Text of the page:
Saddlebacks: The giant tortoises of the Galapagos

September 26, 2019 2:43 pm

Category:

GalapagosTortoiseTourists

Majestic, ancient and prehistoric in appearance, giant saddleback tortoises are only found in two places in the world. These magnificent reptiles inhabit the Aldabra Atoll in the Indian Ocean, and the Galapagos Islands in the Pacific Ocean.

Image Credit

Weighing up to 270 kilograms, and with a lifespan of 150 years, saddleback tortoises may be slow moving, but they have few enemies. Sadly, human habitation has made them more vulnerable and of the 14 sub-species of the Galapagos tortoises, 3 are extinct, with only one surviving male in a 4th sub-species still alive.

An Ancient Animal

There is something almost magical about the way these giant tortoises roam around and it’s easy to see why the Galapagos were named after them. When the islands were discovered in 1535 they were named galapago, which in Spanish means saddle and refers to the design and shape of the shell of the tortoise.

Across the Galapagos Islands, the tortoises differ in shape and size. The somewhat smaller saddlebacks have long limbs and neck, with a raised shell, and have adapted to the drier, lower lying islands. The larger tortoises have dome shaped shells and are better equipped for reaching low growing vegetation and fruit, and navigating the lush grasslands. The saddleback tortoises are living proof that over the years, animals have adapted to their environment and their bodies have changed accordingly.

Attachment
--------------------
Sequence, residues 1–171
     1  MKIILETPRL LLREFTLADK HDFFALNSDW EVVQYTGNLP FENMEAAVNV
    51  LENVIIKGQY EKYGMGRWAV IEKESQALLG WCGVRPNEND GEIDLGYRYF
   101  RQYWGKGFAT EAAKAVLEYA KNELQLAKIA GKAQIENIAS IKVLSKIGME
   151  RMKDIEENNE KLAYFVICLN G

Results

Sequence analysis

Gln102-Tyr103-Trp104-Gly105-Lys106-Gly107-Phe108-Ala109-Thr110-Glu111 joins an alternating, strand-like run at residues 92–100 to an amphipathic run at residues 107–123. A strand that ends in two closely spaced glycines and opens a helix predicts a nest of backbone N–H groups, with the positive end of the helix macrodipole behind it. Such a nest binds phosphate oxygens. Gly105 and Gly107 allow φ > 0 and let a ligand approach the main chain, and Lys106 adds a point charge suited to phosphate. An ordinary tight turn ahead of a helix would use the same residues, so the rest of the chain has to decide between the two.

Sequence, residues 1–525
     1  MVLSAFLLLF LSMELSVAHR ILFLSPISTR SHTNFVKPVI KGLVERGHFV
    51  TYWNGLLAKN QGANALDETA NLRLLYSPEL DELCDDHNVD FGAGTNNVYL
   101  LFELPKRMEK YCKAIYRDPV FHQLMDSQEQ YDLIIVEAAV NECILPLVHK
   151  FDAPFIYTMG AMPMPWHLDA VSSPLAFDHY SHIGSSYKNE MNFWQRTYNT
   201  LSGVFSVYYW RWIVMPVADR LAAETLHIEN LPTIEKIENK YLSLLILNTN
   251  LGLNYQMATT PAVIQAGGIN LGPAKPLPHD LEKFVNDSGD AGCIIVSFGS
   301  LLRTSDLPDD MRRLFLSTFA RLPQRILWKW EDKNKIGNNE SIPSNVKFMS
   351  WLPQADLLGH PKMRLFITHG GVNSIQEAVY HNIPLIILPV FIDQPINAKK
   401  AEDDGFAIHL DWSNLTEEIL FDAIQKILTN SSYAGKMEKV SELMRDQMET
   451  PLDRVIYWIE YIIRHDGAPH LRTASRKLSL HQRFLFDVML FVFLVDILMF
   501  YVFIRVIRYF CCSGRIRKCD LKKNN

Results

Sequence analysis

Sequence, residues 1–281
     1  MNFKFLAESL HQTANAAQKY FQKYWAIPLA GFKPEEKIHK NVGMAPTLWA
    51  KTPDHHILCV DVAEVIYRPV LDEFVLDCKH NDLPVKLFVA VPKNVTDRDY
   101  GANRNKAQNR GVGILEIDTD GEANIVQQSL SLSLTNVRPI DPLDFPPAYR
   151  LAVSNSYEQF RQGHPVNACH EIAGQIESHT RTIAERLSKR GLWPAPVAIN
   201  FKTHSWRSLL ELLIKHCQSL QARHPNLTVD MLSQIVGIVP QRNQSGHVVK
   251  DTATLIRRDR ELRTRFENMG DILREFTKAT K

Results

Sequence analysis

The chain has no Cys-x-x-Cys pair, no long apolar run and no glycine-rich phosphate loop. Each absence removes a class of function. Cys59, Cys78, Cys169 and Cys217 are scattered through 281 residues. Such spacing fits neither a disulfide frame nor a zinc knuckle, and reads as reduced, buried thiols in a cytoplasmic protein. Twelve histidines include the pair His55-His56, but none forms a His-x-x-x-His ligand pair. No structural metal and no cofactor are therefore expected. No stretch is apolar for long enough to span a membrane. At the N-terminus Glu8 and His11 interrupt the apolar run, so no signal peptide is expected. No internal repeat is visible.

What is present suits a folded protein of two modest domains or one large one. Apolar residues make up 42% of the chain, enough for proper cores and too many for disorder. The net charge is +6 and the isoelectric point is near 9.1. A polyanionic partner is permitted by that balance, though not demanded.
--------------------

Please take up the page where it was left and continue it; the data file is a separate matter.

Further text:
Breeding Season

Breeding season for the tortoises lasts from January to June, with eggs incubating for up to 8 months. Galapagos holidays, are ideally booked when the tortoises hatch during November and April, as seeing them emerge from their eggs is something truly special. It’s incredible to think that these tortoises grow so enormous, and that they only reach sexual maturity at between 20 and 30 years old.

Protecting the Galapagos Tortoises

Aside from hawks swooping up babies, the saddleback tortoises fall prey to few predators, although domestic pets have posed problems. In 1959, in an effort to protect the tortoises’ dwindling numbers, the Galapagos Islands were declared a National Park and the native wildlife was therefore legally protected.

Today, a captive rearing centre in Santa Cruz, as well as a number of other conservation programs, protect and look after the tortoises. Hopefully this will ensure that they continue to thrive for years to come.